Don Willmott

Don Willmott reports on the Internet, technology, and consumer electronics for a wide variety of publications and Web sites. He was Yahoo! Internet Life’s Technology Editor and also spent 14 years at PC Magazine in a variety of editorial positions. Willmott is the author of the book “PC Magazine Best of the Web” (Wiley, 2004). He lives in New York City.

Strong Tech Job Growth Predicted for D.C.

Posted In Looking in Tech
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What’s New This Quarter Given all the recent stories about the NSA’s efforts to collect communications data, you’d be justified in thinking you can jumpstart your technology career in the Washington metropolitan area by becoming a Big Data specialist. After all, someone has to sort through the 6.1 trillion text messages the world generates every year. The truth isn’t so simple. A recent Meritalk survey found that none of the 17 government agencies it looked at have successfully embraced Big… continue…

In Silicon Valley, More Deals and More Jobs

Now Hiring
What’s New This Quarter Silicon Valley is a candidate’s market right now, says Monique Fierros, a San Jose-based Technical Recruiter for Randstad Technologies. “There is a lot of movement, and almost everyone I talk to on a daily basis has multiple opportunities in the works and can end up receiving multiple offers throughout the hiring process,” she says. “Hiring managers have to move quickly before the candidates are no longer on the market.” There’s certainly a lot going on. In perhaps… continue…

In Seattle, It’s All About Software Development

Posted In Looking in Tech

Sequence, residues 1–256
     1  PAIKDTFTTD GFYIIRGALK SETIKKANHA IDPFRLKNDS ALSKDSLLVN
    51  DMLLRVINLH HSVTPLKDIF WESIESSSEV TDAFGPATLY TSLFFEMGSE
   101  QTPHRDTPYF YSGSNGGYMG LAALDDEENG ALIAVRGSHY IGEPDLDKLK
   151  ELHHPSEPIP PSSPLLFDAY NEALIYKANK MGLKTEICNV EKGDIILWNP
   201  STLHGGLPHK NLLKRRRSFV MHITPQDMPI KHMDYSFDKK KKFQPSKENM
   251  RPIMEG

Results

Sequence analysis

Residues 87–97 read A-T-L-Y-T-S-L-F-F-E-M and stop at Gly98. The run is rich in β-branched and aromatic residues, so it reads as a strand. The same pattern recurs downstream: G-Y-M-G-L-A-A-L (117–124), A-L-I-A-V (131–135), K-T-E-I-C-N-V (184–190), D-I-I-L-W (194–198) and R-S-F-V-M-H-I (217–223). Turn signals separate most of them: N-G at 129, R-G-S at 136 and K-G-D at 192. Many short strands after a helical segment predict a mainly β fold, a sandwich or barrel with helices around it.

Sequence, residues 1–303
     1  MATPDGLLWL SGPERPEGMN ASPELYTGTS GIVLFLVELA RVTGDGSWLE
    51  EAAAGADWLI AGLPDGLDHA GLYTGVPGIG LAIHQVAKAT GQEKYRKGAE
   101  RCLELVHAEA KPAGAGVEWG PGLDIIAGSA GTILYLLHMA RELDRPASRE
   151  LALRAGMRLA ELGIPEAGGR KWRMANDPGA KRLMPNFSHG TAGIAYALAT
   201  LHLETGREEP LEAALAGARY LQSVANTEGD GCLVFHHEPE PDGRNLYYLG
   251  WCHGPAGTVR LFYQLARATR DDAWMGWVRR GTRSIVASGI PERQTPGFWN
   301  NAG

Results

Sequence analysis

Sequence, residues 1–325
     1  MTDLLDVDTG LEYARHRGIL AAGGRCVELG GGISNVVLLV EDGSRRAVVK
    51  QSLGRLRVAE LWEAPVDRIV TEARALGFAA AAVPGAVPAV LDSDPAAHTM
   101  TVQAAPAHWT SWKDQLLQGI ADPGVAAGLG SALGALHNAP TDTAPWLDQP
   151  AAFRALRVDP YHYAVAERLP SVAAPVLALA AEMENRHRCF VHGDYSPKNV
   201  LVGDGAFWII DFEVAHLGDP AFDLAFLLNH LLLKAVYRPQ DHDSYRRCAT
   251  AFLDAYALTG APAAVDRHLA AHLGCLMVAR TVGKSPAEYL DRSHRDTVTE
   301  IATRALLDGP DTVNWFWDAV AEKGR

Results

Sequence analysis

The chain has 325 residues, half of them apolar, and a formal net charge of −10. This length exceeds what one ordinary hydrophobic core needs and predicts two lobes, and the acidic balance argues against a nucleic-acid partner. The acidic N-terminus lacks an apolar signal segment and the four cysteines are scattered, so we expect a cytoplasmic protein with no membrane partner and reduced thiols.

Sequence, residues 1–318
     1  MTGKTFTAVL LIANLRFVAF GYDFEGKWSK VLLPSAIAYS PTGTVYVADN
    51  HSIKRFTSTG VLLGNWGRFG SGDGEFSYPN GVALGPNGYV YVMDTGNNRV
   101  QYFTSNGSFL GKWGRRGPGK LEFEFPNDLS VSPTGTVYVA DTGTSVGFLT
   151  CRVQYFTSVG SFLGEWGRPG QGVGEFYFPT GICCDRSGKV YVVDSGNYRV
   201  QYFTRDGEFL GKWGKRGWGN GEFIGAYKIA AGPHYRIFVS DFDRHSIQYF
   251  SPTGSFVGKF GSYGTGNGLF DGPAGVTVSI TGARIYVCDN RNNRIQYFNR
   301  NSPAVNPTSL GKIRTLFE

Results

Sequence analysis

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What’s New This Quarter T.J. Doton, Managing Director of recruiting firm Randstad Technologies in Seattle/Bellevue, has some good news: Overall unemployment in the region has hit its lowest level since August 2008 — 4.7 percent, according to the Washington State Employment Security Department. Since IT has traditionally trended at nearly half of the overall rate, the tech sector is effectively at full employment. Some companies to watch: Local employment leader Amazon, which has won a $600 million contract from the… continue…

More IT Research Jobs Seen in Raleigh

Posted In Looking in Tech
Raleigh
What’s New This Quarter It’s been an active few months in the Research Triangle region. The number of available tech job openings rose by 8.1 percent in May, according to the latest IT Job Trends report prepared from the North Carolina Technology Association. State-wide, there were 4,280 openings, up from 3,960 in April. It marked the fourth straight month of IT job growth, though the trend will likely level off during the slower summer months. In more ominous news, IBM,… continue…

Morozov: The Internet Can’t Save the World

Posted In Living in Tech
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When you learn that Evgeny Morozov’s previous book was called The Net Delusion: The Dark Side of Internet Freedom, you quickly realize that his new book, To Save Everything, Click Here, isn’t likely to be an ode to the utopian wonder of the Web. And indeed it isn’t. Morozov, a scholar and writer who studies the political and social implications of technology, scoffs at what he calls “solutionism,” the idea that with enough Big Data, computing power, and crowdsourcing, the… continue…